Incorporating electrostatic effects into the effective stress relation — Insights from chalk experiments
Journal article, Peer reviewed
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OriginalversjonNermoen, A. et al. (2018) Incorporating electrostatic effects into the effective stress relation — Insights from chalk experiments. Geophysics. 2018, 83 (3). 10.1190/GEO2016-0607.1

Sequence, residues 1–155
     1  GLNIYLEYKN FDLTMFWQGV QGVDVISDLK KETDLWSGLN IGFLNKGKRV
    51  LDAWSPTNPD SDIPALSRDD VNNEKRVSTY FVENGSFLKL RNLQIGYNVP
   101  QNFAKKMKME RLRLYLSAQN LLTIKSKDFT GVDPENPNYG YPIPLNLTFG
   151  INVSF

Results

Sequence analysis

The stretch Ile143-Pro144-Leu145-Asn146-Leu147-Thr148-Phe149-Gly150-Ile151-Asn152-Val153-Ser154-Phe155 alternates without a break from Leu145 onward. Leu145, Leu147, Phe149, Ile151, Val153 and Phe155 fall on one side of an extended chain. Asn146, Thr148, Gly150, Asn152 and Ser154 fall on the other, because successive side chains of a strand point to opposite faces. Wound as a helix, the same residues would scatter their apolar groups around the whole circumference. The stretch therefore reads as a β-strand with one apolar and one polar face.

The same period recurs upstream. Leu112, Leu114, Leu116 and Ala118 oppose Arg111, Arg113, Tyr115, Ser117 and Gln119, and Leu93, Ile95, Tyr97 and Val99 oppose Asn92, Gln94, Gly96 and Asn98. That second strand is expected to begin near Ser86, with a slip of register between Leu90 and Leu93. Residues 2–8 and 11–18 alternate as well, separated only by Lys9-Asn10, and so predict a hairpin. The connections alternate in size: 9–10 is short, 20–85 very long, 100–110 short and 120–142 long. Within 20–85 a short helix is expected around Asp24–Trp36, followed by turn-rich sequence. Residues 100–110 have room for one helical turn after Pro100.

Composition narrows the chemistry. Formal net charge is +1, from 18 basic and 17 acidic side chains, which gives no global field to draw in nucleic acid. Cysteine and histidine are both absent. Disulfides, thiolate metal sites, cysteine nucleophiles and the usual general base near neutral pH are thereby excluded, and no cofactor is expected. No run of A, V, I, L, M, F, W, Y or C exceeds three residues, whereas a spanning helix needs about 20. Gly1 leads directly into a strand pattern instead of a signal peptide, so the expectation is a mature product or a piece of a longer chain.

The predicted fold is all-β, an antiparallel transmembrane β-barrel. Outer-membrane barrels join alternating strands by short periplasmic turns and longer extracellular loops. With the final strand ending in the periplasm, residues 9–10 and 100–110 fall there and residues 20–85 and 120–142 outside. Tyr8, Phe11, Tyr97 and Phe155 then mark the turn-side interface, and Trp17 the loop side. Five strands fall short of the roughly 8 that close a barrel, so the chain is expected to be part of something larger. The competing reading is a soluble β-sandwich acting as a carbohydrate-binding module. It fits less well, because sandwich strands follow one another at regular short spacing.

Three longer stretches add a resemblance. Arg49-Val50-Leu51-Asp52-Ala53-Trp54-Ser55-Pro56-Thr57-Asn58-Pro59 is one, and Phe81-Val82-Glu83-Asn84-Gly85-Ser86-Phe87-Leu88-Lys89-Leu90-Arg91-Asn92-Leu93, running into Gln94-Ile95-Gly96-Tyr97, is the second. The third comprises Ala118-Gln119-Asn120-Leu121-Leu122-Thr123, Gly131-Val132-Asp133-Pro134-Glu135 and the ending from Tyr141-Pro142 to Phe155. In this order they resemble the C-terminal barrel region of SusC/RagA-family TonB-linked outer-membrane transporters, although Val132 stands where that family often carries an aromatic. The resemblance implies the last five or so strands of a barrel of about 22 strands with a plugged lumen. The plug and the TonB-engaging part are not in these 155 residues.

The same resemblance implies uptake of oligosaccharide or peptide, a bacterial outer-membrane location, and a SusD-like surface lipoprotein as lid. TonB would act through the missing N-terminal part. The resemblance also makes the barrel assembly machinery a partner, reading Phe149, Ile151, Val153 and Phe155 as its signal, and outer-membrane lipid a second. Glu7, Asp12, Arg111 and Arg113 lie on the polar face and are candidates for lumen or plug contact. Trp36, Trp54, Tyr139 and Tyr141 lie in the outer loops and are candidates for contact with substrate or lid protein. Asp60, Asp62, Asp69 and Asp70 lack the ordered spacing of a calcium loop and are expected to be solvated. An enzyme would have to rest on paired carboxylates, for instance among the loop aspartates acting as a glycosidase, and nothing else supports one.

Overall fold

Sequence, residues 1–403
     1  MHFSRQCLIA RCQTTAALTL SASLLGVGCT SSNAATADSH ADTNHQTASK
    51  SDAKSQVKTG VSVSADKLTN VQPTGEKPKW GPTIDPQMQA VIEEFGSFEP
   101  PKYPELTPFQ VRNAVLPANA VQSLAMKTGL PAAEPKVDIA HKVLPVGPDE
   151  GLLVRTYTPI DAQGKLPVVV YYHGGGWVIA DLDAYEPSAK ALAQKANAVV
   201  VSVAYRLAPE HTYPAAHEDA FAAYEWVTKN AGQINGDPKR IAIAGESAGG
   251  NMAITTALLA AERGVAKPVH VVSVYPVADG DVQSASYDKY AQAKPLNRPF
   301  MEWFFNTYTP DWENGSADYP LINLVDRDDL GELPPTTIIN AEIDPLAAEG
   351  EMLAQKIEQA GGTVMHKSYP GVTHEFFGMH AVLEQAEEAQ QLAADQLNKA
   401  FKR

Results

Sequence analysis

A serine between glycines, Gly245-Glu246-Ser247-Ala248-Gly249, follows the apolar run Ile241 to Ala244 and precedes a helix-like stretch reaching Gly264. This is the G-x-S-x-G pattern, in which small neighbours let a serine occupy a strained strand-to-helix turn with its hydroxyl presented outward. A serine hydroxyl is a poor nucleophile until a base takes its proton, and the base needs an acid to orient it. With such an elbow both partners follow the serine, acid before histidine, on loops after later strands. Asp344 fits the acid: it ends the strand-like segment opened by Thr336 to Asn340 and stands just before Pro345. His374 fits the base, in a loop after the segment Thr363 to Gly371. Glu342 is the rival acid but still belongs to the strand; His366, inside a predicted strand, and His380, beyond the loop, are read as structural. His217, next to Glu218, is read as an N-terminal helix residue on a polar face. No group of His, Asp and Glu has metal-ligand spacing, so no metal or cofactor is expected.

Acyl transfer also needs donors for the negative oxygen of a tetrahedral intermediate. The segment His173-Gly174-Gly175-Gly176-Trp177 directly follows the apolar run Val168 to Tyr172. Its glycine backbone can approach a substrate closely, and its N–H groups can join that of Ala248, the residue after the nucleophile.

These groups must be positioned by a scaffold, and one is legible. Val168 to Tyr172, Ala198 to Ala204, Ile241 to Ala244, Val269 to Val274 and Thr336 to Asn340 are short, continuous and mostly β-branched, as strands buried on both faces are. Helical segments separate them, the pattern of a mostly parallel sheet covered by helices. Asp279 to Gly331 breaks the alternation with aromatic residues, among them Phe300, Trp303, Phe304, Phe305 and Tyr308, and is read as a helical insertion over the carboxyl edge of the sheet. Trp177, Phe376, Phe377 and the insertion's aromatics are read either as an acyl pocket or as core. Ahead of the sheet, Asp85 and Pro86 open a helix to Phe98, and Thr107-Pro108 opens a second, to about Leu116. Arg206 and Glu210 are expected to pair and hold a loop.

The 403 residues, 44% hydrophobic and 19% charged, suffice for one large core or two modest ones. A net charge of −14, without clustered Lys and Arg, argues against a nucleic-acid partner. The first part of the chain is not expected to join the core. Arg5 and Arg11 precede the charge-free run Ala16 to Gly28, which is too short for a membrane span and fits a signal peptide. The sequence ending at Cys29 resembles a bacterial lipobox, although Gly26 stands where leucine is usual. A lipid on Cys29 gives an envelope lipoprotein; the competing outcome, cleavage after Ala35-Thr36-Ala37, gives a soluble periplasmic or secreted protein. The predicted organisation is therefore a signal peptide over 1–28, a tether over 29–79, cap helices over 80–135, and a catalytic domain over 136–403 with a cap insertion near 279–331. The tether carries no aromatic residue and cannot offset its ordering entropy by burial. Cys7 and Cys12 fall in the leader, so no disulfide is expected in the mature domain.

Which forces are responsible for holding highly porous chalks together? We use the effective stress to quantify the electrostatic effects around particle contacts originating from the adsorption of ions onto charged mineral surfaces. The induration of chalk indicates that it is held together by contact cement,where planar crystal contacts allowthe action of short-ranged adhesive Van der Waals forces. At particle distances exceeding a few nanometers, recent studies have indicated electrostatic repulsion between water embedded adjacent particles. The magnitude of the repelling force depends, among other parameters, upon temperature and brine composition. Our premise is that by perturbing the electrostatic forces at the particle level, we can control themechanical behavior of chalk samples tested in triaxial cells.We report the results of an experimental series, investigating howthemechanical strength and stiffness varied among samples saturated with four different brines, tested at two temperatures, and tested directly or after aging for three weeks at high temperature. We associate stiffness with bulk modulus and strengthwith the stress at yield. Systematic softening and weakening is observed, especially when the pore fluid is sulfate bearing, as well as for some high-temperature experiments and for aged samples. However, softening and weakening are not totally correlated, and neither brine composition, temperature, nor aging can alone dictate the mechanical behavior of the chalk — a combination is required to predict the chalk stiffness and strength. To obtain a coherent description of our experimental results, we estimated the electrostatic stress arising from ion adsorption and found it unnecessary for these experiments to postulate significant dissolution or precipitation-related changes to the rock frame.